In sum, the fairly static transformation picture shown in Figures 12 and 13 actually reflects a very optimistic underlying dynamic. But this dynamic produces little net effect because over the past decade and a half, the population has been getting younger and the labor force has been growing rapidly. So, although strong output growth is projected to continue in many sub-Saharan African countries, the net effect will still leave most of the labor force in low-productivity employment.
Chapter 4. Conclusion
Structural transformation in output and employment in sub-Saharan Africa has become a major concern of development economists. This is because analysis of past trends suggests that while the output transformation has been progressing, the employment transformation has been disappointing in terms of the creation of wage jobs, especially in low-middle-income countries, despite strong output growth performance. Much of the previous analysis used data on only a few countries, and therefore was biased toward middle-income countries outside of sub-Saharan Africa. This paper used a much more inclusive data set, and benchmarked sub-Saharan African performance over the past decade in output, employment, and productivity space against fast-growing Asian countries using continent-wide estimates of employment and output. It has also distinguished between wage and self-employment (household enterprises) in industry and services.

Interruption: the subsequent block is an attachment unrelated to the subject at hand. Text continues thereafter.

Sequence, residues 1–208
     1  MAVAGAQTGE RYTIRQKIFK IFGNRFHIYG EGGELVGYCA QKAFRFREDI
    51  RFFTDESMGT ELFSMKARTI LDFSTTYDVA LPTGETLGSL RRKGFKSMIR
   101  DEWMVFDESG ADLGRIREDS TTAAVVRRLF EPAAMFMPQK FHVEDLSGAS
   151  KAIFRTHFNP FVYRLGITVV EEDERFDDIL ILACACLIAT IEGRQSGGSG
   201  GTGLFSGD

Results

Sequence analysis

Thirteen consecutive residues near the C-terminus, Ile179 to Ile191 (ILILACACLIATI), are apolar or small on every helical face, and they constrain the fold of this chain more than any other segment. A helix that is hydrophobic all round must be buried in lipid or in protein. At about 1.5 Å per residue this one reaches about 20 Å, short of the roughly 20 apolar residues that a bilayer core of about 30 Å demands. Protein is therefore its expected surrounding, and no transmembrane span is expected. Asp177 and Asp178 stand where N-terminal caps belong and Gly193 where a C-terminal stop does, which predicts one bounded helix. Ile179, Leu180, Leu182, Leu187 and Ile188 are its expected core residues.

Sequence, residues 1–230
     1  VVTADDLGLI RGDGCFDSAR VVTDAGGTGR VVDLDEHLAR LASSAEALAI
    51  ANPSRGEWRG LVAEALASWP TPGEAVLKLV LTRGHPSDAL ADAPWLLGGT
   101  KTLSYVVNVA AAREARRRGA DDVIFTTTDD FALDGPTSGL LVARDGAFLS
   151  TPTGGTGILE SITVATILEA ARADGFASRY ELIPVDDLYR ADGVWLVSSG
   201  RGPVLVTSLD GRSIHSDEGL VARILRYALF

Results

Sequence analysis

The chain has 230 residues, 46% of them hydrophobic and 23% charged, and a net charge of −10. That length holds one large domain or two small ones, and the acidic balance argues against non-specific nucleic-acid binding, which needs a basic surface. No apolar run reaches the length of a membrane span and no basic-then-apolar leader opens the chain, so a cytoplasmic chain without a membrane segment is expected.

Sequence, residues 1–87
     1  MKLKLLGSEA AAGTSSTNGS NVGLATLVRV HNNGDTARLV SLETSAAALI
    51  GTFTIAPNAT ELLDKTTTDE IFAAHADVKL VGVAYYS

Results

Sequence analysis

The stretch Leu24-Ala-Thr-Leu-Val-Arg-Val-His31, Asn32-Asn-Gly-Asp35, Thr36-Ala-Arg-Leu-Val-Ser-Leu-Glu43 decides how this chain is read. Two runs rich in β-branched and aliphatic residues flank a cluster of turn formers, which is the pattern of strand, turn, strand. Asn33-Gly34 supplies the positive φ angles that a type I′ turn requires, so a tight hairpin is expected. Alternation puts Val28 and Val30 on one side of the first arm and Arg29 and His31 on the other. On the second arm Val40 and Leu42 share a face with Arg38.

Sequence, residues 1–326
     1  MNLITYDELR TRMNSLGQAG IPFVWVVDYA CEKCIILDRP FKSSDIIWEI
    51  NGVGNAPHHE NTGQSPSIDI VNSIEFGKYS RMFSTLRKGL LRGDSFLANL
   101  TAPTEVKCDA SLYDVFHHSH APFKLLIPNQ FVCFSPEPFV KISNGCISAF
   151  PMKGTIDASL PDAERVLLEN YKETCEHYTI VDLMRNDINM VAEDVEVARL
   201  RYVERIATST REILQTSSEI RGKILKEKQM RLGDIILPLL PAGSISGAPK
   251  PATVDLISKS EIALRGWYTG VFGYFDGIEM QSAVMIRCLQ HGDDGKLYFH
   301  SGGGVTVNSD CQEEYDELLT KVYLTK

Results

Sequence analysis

The analysis shows that a major, and often underappreciated, factor behind the slow employment transformation in sub-Saharan Africa compared with the Asian benchmarks was demographics—a labor force growing much faster in sub-Saharan Africa. But another factor was the importance of the mining sector in the growth and employment patterns of sub-Saharan Africa’s industrial sector, and weak productivity in the service sectors because of the high share of household enterprises. Sub-Saharan Africa has a large labor productivity dispersion within the services sectors, including a highly productive financial sector but a number of low-productivity household enterprises in the trading and personal services sectors. Looking forward to 2020 and using optimistic assumptions on output growth, the prospects are good for overall productivity growth in the region. But the employment absorption in the nonagricultural sectors will occur mainly in the services sector and nontradables industrial sector (construction, utilities) rather than in manufacturing.
Could sub-Saharan Africa develop a growth pattern that transforms the economy more rapidly? This is possible if the movement from agriculture into services can generate large improvements in value addition. Benchmarking the projected structural employment shift in sub-Saharan Africa against what east Asia achieved historically shows that sub-Saharan Africa falls short in terms of the development of manufacturing employment. But it remains an open question whether structural transformation can be speeded up with a continuation of the movement of labor from agriculture to services with a small role being played by the manufacturing sector.